Adopting The ‘Youth Right Approach’ to Stemming Irregular Migration of African Youth

Often, the problem of irregular migration is considered to have gone far beyond organized preventive advocacy, but more of institutional responsibilities to addressing the root causes traced to poverty, unemployment and lack of enabling atmosphere for youths to thrive competitively.

The state actors across Africa need to start respecting their pledges and commitments in respect to regional or global declarations on matters concerning the youth. Prominent among such declarations are the World Programme of Action for Youth (WPAY), the African Youth Charter and National Youth Policies.

Also, African leaders need to allow efforts of international communities to support Africa come out of her migration related challenges. One of such efforts is the European Union Emergency Trust Fund for stability and addressing root causes of irregular migration and displaced persons in Africa (EUTF for Africa), which was part of the outcome of Valletta Summit on Migration of 2015 held in Malta, among others.

But beyond aids and supports like the EUTF, AFRINYPE is stepping up its advocacy to an ‘acceptable agitation’ as a network of the youth concerned about pushing youth policy implementation, and by extension, making demands from the state actors on policy pronouncements bordering on youth development.

Internal resolve will help better at solving problems emanating from within the African continent, and that is why AFRINYPE is committed to internal pursuit, reinforcing policy engagement with state actors, focusing on rights of the concerned (the youth) to demand for what they are entitled to as citizens. AFRINYPE’s engagement with state actors focuses on ‘rights’ to demand for solutions to the root cause of irregular migrations and desperate journeys being embarked on by African youths.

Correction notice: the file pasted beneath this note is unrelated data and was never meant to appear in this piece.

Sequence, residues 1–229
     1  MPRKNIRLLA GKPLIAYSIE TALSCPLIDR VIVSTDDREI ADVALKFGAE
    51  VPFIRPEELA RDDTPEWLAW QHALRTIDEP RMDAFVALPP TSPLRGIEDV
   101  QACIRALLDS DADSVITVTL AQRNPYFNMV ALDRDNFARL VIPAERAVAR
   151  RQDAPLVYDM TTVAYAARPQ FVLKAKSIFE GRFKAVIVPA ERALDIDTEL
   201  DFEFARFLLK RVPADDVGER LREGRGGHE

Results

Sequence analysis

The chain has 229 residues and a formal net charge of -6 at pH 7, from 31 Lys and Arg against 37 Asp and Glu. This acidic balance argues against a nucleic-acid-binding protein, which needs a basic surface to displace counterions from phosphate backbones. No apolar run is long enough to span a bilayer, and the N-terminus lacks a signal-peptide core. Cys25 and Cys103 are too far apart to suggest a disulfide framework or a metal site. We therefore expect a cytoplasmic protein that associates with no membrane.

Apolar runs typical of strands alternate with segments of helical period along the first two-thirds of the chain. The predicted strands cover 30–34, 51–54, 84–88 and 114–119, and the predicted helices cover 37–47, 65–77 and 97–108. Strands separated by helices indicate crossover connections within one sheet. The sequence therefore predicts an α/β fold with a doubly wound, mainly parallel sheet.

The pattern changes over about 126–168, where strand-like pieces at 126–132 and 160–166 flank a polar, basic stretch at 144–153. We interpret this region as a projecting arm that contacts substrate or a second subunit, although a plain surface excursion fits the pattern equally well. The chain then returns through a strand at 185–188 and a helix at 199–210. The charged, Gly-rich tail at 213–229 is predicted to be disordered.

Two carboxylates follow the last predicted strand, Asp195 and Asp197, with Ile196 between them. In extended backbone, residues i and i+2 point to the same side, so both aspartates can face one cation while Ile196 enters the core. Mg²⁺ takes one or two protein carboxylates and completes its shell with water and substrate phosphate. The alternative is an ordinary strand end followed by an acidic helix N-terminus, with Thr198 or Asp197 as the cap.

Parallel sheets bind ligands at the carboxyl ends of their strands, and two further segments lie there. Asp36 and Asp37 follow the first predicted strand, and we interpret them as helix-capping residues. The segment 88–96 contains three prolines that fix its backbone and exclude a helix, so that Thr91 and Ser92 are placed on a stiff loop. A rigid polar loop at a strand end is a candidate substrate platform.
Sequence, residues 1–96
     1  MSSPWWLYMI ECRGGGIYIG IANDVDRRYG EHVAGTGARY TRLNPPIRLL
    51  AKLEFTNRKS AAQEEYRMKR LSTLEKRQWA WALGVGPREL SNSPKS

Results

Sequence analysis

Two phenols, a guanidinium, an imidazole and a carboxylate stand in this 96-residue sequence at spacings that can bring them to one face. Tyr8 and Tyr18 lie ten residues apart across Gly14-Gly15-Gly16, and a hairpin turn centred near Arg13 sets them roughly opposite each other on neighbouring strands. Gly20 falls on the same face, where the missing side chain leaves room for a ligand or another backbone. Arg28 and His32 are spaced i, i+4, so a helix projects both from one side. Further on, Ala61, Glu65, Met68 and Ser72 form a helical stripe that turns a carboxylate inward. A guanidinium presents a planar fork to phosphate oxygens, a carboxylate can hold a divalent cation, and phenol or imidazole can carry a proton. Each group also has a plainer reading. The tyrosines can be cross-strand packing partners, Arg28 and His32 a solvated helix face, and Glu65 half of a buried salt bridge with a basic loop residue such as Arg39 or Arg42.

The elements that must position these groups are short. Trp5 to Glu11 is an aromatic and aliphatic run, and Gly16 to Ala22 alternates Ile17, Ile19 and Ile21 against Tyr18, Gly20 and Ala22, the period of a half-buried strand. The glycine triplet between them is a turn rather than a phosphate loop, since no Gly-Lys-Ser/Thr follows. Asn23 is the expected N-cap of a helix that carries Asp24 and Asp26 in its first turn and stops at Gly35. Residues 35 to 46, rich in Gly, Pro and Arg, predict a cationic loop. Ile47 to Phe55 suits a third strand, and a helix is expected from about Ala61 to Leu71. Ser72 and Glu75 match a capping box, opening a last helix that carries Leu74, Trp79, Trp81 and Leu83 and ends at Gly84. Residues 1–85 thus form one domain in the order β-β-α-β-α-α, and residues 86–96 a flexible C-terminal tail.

Migration issue has become so critical to Africa’s growth, hence advocacy on migration needs to shift from ‘mere asking’ to ‘making definite demands’ and holding leadership responsible. The “signature frenzy” era needs to come to an end. Counting signature ceremonies, we will be lost; but checking fact files for implementation and commitments afterwards, we will experience disappointment considering enormous resources going down the drain for the signature frenzy.

Now is the time to take definite resolve at ensuring Africa graduates from “signature frenzy” to acting and implementing outcomes of global sittings, knowing well that the youth have rights to demand for enabling atmosphere and solutions to needs forcing them to embrace irregular and illegal migration even across dangerous routes.

Abiola Hamid
Lagos, Nigeria

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